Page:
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Traditional Chinese Medicine Prescriptions Enhance Growth Performance of Heat Stressed Beef Cattle by Relieving Heat Stress Responses and Increasing Apparent Nutrient Digestibility

  • Song, Xiaozhen (Jiangxi Province Key Laboratory of Animal Nutrition/Engineering Research Center of Feed Development, Jiangxi Agricultural University) ;
  • Luo, Junrong (Jiangxi Province Key Laboratory of Animal Nutrition/Engineering Research Center of Feed Development, Jiangxi Agricultural University) ;
  • Fu, Daibo (Jiangxi Province Key Laboratory of Animal Nutrition/Engineering Research Center of Feed Development, Jiangxi Agricultural University) ;
  • Zhao, Xianghui (Jiangxi Province Key Laboratory of Animal Nutrition/Engineering Research Center of Feed Development, Jiangxi Agricultural University) ;
  • Bunlue, Kornmatitsuk (Faculty of Veterinary Science, Mahidol University) ;
  • Xu, Zhensong (Jiangxi Province Key Laboratory of Animal Nutrition/Engineering Research Center of Feed Development, Jiangxi Agricultural University) ;
  • Qu, Mingren (Jiangxi Province Key Laboratory of Animal Nutrition/Engineering Research Center of Feed Development, Jiangxi Agricultural University)
  • Received : 2014.01.22
  • Accepted : 2014.04.28
  • Published : 2014.10.01

Abstract

The present aim was to investigate the effects of traditional Chinese medicine prescriptions (TCM) on body temperature, blood physiological parameters, nutrient apparent digestibility and growth performance of beef cattle under heat stress conditions. Twenty-seven beef cattle were randomly divided into three groups as following; i) high temperature control (HTC), ii) traditional Chinese medicine prescriptions I+high temperature (TCM I) and iii) traditional Chinese medicine prescriptions II+high temperature (TCM II) (n = 9 per group). The results showed that the mean body temperature declined in TCM II treatment (p<0.05). Serum $T_3$ and $T_4$ levels with TCM I and TCM II treatments elevated (p<0.05), and serum cortisol levels of TCM I treatments decreased (p<0.05), compared with the HTC group. Total protein, albumin, globulin in TCM II treatments elevated and blood urea nitrogen levels of both TCM treatments increased, but glucose levels of both TCM treatments decreased, compared with the HTC group (p<0.05). The apparent digestibility of organic matter and crude protein with TCM I treatment increased, and the apparent digestibility of acid detergent fiber elevated in both TCM treatments (p<0.05). Average daily feed intake was not different among three groups, however average daily gain increased and the feed:gain ratio decreased with both TCM treatments, compared with the HTC group (p<0.05). The present results suggest that dietary supplementation with TCM I or TCM II improves growth performance of heat stressed beef cattle by relieving heat stress responses and increasing nutrient apparent digestibility.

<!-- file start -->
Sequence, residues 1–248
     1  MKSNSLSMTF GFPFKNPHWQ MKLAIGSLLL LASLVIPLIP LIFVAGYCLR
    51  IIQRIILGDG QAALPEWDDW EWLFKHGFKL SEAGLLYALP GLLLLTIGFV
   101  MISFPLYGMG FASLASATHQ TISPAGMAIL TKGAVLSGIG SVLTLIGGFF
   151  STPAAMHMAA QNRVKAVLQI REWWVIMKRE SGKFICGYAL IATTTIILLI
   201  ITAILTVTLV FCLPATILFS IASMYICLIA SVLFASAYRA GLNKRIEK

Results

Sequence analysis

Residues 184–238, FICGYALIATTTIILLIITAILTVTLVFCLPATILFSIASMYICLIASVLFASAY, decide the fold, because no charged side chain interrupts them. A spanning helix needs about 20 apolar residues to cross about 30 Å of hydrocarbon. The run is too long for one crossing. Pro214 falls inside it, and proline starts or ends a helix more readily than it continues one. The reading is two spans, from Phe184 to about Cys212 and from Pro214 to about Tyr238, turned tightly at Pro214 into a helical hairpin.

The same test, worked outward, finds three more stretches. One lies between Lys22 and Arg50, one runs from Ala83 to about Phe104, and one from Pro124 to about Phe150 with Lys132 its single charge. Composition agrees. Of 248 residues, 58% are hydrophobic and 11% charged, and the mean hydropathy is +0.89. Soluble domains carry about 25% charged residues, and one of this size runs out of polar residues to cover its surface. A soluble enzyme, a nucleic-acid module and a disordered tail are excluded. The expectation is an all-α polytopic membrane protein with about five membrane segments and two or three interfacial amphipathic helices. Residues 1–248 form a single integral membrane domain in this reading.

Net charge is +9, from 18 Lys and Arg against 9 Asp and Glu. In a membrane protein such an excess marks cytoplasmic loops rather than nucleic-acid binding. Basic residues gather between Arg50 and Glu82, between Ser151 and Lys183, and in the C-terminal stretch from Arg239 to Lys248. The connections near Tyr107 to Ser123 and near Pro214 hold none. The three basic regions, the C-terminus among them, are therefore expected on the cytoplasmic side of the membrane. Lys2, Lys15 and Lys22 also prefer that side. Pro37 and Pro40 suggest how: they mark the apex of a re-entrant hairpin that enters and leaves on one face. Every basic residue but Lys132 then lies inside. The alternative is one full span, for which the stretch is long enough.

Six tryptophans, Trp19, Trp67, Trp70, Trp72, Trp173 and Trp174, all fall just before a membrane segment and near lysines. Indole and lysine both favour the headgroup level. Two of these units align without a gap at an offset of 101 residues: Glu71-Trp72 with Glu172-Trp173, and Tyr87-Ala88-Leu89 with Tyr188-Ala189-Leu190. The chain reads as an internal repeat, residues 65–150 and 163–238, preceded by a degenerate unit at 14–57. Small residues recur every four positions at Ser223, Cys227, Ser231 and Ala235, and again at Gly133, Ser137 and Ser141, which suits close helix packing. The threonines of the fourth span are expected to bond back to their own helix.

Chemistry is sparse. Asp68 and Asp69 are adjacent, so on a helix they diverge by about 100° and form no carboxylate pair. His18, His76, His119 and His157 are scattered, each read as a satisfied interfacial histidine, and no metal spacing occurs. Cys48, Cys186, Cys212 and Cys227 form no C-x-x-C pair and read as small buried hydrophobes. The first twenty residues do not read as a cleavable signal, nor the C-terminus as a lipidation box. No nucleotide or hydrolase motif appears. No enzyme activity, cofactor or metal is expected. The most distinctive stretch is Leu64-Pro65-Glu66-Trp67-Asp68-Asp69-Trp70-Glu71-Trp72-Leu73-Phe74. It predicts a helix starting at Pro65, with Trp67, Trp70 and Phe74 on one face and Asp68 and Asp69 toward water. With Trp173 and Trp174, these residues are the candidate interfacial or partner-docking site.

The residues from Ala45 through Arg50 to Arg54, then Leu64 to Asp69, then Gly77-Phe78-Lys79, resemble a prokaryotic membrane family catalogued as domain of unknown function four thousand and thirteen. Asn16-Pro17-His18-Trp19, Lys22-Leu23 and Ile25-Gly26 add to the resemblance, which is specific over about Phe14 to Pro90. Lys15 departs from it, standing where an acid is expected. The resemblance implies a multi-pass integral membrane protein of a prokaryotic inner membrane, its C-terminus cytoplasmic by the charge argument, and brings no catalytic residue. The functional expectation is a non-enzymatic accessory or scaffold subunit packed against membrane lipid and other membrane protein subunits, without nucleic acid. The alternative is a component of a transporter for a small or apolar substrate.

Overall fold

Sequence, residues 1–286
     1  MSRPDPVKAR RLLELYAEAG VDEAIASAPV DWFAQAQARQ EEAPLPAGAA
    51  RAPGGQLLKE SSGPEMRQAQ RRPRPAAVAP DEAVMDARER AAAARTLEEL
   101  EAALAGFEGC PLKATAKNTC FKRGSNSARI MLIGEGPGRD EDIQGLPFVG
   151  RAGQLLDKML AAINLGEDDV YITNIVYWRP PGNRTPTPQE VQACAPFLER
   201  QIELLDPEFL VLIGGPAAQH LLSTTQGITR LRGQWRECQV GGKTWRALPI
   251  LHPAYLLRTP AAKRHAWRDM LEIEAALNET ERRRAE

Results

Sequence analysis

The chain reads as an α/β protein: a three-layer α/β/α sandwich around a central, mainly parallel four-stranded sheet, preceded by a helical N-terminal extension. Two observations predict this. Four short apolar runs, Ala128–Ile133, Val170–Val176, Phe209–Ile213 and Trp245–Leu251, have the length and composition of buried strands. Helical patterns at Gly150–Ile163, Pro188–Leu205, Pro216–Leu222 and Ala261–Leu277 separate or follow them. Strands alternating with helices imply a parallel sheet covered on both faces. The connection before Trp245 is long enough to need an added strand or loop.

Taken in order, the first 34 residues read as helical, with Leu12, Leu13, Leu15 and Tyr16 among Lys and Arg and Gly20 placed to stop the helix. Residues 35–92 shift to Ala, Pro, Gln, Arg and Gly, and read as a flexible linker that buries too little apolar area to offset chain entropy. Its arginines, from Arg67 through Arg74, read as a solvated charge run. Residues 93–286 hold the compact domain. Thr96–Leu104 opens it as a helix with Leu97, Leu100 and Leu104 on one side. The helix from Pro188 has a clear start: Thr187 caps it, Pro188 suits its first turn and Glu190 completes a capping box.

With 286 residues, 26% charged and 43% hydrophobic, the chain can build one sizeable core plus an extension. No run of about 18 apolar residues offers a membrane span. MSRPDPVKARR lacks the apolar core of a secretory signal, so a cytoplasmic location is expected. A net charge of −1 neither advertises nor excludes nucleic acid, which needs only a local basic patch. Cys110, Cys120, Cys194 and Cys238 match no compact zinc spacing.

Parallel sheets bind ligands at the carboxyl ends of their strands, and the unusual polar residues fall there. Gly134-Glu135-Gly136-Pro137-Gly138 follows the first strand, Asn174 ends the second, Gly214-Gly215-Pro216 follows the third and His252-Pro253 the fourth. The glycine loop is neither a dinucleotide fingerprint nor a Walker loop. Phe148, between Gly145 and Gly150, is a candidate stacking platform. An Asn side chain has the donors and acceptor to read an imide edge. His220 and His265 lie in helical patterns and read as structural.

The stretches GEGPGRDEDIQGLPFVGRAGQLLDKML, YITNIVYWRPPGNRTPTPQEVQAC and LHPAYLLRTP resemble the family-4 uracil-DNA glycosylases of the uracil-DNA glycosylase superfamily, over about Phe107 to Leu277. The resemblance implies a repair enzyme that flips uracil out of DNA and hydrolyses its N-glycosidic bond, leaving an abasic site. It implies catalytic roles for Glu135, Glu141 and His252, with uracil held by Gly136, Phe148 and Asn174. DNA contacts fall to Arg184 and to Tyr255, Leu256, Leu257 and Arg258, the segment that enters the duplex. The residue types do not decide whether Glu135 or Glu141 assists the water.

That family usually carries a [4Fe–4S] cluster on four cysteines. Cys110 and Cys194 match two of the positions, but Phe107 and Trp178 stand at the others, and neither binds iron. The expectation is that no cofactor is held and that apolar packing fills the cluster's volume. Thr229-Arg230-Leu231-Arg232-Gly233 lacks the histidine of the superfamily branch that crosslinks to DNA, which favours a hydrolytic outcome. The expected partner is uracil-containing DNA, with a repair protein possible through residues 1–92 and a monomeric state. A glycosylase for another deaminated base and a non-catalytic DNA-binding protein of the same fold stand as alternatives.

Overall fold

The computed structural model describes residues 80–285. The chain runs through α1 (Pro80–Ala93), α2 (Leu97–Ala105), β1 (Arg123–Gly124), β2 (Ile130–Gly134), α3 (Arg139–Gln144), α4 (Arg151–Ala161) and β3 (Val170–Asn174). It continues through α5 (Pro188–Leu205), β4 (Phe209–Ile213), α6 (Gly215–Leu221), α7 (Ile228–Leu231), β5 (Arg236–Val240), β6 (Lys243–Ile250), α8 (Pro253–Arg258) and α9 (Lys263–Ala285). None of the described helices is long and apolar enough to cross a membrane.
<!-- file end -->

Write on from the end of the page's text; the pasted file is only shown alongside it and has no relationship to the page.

Keywords

Beef Cattle;Traditional Chinese Medicines;Heat Stress;Growth Performance;Nutrient Apparent Digestibility

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